Course Promo: Flammable and Combustible Liquids
We also apply our insight for the benefit of all; many of our professionals have been leaders in major NFPA committees. They have been actively involved in the development of national fire safety standards, having contributed to dozens of the current standards. It's this level of expertise that gives HSB PLC a true engineering perspective on the property loss challenges you face. Through its leadership and participation in standards development, HSB Professional Loss Control gains unique insights to more effectively apply the underlying principles of the standards to your benefit. To find out more about how you can leverage HSB PLC's expertise to your benefit, contact one of our customer service representatives at Click Here to Email Us.
First "tentatively adopted as a guide" in ,  and revised several times since then, it defines the colloquial " Safety Square " or " Fire Diamond " used by emergency personnel to quickly and easily identify the risks posed by hazardous materials. This helps determine what, if any, special equipment should be used, procedures followed, or precautions taken during the initial stages of an emergency response. The four divisions are typically color-coded with red on top indicating flammability , blue on the left indicating level of health hazard, yellow on the right for chemical reactivity , and white containing codes for special hazards.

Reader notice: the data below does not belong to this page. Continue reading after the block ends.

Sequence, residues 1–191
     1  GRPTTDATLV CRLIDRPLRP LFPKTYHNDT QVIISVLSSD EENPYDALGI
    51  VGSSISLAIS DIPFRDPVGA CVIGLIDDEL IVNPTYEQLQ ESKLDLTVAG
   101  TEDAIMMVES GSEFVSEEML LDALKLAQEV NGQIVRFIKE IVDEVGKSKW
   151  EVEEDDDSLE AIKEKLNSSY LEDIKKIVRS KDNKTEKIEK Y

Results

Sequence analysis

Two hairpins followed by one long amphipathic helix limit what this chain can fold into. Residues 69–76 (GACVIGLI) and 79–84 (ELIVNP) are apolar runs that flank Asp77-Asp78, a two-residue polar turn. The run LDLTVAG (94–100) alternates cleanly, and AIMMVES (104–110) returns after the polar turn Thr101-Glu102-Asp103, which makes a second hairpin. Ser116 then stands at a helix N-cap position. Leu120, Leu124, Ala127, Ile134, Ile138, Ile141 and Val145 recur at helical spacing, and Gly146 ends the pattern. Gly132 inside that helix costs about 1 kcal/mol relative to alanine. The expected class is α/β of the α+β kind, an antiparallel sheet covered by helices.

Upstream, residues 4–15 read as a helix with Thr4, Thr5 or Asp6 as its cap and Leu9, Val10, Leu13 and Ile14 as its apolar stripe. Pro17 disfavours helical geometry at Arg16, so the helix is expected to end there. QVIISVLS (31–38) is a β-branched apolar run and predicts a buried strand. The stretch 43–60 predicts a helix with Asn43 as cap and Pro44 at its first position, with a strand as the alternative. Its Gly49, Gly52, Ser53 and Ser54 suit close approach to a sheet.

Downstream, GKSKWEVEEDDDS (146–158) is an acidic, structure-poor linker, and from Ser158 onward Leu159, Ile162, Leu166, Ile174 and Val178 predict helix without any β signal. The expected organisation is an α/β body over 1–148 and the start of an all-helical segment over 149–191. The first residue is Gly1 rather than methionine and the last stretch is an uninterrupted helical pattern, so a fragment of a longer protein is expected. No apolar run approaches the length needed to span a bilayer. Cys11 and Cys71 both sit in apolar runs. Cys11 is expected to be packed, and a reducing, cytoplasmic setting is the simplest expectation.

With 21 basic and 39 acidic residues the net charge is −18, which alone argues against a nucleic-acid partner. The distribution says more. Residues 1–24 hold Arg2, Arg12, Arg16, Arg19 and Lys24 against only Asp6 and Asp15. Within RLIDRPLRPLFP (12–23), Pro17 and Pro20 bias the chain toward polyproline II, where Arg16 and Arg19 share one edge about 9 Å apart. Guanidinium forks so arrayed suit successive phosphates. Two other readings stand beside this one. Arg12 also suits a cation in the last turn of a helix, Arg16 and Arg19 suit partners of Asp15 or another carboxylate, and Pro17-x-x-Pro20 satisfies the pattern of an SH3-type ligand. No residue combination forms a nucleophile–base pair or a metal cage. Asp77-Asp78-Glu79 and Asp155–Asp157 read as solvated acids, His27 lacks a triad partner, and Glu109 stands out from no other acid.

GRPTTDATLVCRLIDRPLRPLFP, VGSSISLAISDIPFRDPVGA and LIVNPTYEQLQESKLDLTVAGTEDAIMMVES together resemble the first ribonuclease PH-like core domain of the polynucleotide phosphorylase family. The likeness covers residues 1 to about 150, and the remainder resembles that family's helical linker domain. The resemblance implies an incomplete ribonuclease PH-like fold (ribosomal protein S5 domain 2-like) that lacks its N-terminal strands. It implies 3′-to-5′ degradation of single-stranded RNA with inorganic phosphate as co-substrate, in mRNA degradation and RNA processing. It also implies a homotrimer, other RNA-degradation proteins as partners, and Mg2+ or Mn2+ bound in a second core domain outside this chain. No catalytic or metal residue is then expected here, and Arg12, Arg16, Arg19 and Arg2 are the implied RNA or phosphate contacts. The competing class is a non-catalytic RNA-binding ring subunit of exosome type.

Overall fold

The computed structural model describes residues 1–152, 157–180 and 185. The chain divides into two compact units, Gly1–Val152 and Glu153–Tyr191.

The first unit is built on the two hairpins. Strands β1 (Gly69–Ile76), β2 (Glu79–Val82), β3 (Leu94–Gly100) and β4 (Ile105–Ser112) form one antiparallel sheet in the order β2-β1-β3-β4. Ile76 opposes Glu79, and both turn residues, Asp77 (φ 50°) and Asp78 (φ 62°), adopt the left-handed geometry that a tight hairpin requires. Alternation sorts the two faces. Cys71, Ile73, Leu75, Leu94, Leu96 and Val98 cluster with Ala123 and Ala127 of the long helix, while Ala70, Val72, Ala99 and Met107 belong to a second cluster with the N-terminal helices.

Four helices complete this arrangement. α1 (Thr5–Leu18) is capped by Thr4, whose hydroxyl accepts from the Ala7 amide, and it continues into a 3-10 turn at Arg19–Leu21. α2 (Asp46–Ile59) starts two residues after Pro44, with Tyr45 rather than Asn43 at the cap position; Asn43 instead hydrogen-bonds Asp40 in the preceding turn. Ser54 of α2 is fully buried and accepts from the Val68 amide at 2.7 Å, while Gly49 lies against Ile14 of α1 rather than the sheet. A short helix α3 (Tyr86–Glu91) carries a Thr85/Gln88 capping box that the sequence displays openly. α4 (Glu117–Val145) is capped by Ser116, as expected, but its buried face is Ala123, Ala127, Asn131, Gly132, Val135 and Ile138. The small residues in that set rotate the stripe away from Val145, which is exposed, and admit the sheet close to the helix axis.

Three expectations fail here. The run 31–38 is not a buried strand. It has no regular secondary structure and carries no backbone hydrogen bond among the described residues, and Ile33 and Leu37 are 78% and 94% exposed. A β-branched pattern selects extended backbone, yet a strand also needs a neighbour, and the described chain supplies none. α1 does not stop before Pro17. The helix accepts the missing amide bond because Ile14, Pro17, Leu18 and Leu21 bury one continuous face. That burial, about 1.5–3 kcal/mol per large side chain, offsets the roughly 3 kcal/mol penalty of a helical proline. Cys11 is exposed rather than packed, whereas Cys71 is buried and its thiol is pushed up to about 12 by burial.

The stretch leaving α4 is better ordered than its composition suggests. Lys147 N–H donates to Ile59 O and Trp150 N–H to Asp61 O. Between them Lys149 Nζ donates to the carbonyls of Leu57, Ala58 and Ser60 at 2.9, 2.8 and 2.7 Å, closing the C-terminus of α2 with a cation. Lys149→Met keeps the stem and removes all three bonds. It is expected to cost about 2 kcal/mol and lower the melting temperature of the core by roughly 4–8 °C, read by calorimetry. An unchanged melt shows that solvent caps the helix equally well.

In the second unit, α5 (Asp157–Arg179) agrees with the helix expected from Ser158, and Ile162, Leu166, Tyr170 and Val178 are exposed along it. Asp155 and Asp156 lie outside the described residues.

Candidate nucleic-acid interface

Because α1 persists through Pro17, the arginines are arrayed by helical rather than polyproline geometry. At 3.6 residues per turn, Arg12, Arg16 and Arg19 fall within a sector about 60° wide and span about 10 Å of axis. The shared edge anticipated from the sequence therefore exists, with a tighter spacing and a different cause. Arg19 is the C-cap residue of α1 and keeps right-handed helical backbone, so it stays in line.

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Flammable and combustible liquid fires are much more volatile than fires fueled by ordinary combustibles, such as wood, paper, and cloth. Flammable vapors ignite with explosive force, and the resulting fire gives off more than twice as much heat as ordinary combustibles. The rate of temperature rise is greater, and burning liquids produce billowing clouds of thick, toxic, black, and acrid smoke. Flammable liquid fires also spread rapidly when spilled material flows into low lying areas, sometimes many feet away from the original spill. Because of these hazards, special precautions are required when storing, handling, and using flammable liquids. The flash point of a liquid is defined as the minimum temperature at which a liquid gives off sufficient vapor to ignite in the presence of a source of ignition. Remember, it is the vapor that burns and not the liquid.